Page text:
Slide #207D


TITLE: The Beatus Map, St. Sever, or Paris I
DATE: ca. 776 A.D.
AUTHOR: Beatus of Liebana (died 798)
DESCRIPTION: Next, chronologically, comes the map called St. Sever or Paris I measuring 37 X 57 cm. This work was executed ca. 1050 A.D. at the St. Sever Aquitanian monastery by the order of Geogory de Muntaner, Abbot from 1028 to 1072 A.D. The St. Sever derivative is considered by most scholars as the most valuable, the most carefully executed and the richest in content of all the ten transcripts of Beatus. The name of its author (or one of a group of executants responsible for the map) may be one Stephanus Garcia Placidus. The St. Sever copy is also considered to be the copy most representative of the original Beatus design, with respect to both form and content.

The points of the compass are to be found only on the St. Sever and the Paris III of 1250 maps; the windrose, so frequent in the larger medieval maps of later time, only occurs on the St. Sever. The classical world employed two kinds of windrose: one of these was eight-fold, the other twelve-fold. Both of these, of course, were based upon the four cardinal compass points. In the twelve-fold division, which was a favorite one among Greek scientists from the time of Aristotle, a classification of seven intermediate winds played a part. It is this twelve-fold division which is also to be found in Isidore, on the map of St. Sever, and in most of the circular designs of the later Middle Ages. The eight-fold arrangement was derived from Eratosthenes, and was accepted by Pliny, Orosius and also by Isidore of Seville, as a compliment to the twelve-fold partition.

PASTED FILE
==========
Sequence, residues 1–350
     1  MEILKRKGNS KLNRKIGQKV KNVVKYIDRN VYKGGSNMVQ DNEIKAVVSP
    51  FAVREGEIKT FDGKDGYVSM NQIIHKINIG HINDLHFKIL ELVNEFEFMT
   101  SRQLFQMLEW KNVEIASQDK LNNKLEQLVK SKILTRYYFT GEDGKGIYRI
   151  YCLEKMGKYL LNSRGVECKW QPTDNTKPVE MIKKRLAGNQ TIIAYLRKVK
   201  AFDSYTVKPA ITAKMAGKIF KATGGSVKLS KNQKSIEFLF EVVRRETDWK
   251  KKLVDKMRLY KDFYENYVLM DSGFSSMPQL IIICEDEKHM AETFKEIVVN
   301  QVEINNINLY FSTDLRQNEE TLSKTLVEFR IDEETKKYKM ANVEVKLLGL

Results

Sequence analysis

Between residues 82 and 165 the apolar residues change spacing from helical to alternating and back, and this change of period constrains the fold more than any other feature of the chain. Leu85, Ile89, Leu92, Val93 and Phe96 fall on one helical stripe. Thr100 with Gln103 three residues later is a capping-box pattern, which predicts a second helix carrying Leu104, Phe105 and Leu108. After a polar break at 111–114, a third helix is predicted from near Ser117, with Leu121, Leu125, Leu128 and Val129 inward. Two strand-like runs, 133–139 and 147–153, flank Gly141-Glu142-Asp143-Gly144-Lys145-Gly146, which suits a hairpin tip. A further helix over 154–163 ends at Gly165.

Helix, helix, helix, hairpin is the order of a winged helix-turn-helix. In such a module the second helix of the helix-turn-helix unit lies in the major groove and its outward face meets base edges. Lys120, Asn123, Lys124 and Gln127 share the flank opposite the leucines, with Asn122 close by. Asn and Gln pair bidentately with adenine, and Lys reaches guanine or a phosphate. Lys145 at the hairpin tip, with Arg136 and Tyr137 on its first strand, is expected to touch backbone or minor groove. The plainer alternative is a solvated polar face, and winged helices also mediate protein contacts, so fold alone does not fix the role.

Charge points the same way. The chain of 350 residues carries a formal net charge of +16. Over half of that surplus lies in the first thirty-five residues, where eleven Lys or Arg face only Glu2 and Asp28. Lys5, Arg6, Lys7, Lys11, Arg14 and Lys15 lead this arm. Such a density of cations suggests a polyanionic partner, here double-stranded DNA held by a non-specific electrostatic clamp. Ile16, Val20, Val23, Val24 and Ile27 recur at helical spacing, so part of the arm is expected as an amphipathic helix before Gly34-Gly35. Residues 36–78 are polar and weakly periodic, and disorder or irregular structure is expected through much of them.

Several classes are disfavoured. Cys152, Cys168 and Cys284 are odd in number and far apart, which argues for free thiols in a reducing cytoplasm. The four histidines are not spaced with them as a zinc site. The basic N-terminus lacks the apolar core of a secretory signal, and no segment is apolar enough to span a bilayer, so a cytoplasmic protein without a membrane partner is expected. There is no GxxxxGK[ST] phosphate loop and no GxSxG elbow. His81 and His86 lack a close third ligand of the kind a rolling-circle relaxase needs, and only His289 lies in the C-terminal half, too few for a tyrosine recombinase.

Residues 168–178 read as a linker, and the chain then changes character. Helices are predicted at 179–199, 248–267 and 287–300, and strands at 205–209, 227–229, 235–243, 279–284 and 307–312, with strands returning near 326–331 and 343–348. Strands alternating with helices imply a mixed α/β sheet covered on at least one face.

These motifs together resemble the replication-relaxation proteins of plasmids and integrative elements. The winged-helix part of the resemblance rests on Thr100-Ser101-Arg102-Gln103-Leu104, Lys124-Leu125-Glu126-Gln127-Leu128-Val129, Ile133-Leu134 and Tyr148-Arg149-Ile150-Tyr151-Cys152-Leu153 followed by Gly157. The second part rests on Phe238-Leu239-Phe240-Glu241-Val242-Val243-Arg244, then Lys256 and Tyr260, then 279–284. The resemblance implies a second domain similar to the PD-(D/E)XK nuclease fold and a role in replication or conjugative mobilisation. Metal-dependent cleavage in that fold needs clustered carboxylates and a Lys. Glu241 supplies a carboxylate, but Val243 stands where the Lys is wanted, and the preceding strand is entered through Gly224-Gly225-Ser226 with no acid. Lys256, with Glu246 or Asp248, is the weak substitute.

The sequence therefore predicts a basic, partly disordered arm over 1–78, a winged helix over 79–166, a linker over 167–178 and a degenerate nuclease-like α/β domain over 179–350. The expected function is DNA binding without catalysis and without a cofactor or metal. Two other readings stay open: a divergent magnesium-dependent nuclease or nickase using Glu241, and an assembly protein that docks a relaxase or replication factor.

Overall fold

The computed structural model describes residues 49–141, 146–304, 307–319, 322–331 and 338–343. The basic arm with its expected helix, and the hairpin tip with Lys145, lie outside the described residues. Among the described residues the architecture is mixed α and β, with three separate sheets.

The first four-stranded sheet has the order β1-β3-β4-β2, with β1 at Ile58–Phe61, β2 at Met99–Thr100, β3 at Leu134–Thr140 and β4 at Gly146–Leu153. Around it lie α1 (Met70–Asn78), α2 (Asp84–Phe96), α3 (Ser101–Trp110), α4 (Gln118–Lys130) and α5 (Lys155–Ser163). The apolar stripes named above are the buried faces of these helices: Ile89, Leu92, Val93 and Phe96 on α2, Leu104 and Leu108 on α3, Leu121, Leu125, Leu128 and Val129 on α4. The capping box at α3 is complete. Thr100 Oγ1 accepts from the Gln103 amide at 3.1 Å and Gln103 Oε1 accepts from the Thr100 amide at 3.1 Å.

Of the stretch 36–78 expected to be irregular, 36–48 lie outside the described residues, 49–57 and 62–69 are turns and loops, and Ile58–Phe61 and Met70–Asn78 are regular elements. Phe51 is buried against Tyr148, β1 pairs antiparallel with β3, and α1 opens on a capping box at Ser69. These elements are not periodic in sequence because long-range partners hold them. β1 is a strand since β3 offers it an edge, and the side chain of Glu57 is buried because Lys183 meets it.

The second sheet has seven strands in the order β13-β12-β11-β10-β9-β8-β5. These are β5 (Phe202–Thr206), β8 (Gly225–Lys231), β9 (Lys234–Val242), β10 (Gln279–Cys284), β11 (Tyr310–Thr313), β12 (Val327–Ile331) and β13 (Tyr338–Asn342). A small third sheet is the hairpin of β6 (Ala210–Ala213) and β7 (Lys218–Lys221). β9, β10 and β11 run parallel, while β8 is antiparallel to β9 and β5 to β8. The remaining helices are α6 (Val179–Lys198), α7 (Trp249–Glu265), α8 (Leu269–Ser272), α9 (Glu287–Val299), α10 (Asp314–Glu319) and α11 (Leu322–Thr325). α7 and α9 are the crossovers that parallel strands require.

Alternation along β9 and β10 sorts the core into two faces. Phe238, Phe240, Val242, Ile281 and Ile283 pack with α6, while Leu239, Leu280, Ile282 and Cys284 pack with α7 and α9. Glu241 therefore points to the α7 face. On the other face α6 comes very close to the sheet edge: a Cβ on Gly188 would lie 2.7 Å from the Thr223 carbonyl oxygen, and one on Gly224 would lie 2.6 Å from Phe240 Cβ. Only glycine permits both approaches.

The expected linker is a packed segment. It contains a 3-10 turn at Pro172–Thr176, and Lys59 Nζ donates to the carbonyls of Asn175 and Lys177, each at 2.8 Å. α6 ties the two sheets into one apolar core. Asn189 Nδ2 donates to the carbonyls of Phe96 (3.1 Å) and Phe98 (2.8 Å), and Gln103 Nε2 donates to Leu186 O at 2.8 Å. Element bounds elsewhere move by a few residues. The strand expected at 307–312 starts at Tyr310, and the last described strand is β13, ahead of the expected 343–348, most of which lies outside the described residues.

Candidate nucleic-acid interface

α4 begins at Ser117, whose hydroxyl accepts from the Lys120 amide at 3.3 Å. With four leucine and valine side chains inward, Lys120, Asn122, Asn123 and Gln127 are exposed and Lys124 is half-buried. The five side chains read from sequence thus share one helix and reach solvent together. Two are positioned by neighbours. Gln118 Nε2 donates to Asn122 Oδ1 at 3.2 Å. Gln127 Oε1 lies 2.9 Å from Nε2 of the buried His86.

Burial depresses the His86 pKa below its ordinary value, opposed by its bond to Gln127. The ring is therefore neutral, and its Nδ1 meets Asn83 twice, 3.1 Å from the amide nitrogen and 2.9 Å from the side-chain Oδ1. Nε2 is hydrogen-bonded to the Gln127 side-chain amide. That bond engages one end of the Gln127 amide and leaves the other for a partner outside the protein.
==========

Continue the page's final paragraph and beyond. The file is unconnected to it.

A fourth continent, represented as a strip of land along the southernmost edge of the earth, beyond the Mare Rudrum [a.k.a. the equatorial ocean], is, as on all other Beatus maps, displayed here as well. A legend, again taken from Isidore, informs us on the St. Sever map that "In addition to the three parts of the world, there is a fourth part beyond the ocean in the midst of the south and unknown to us on account of the heat of the sun. Within its confines the Antipodians are fabulously said to dwell."

Pictorially, there can be found illustrations of fish and boats distributed throughout the surrounding great ocean. In this ocean and in the Mediterranean Sea are also sprinkled many islands including Tule, Britain, Hibernia, the Fortunate Islands, Corsica, Sardinia, Sicily, Crete, Cyprus and six others. On these islands and on the continental land masses are depicted castles, houses and churches of various sizes to symbolize major cities, famous sites or shrines. Roma is one city specifically named as well as represented by a symbol. Surprisingly, Jerusalem is not emphasized as on the Ashburnham, London and most probably the original map. The rivers on the St. Sever map are strikingly modern in their presentation when compared with the other Beatus derivatives or other maps of the 11th century. Also there are more rivers depicted on the St. Sever than any of the other derivatives, though none of these rivers are specifically labelled. One feature that this map has in common with most of the other Beatus copies is the vignette of Adam and Eve and the Tree of Knowledge which is placed at the top of the map (east).



** see also Slide #207 Monograph **


Index of Early Medieval Maps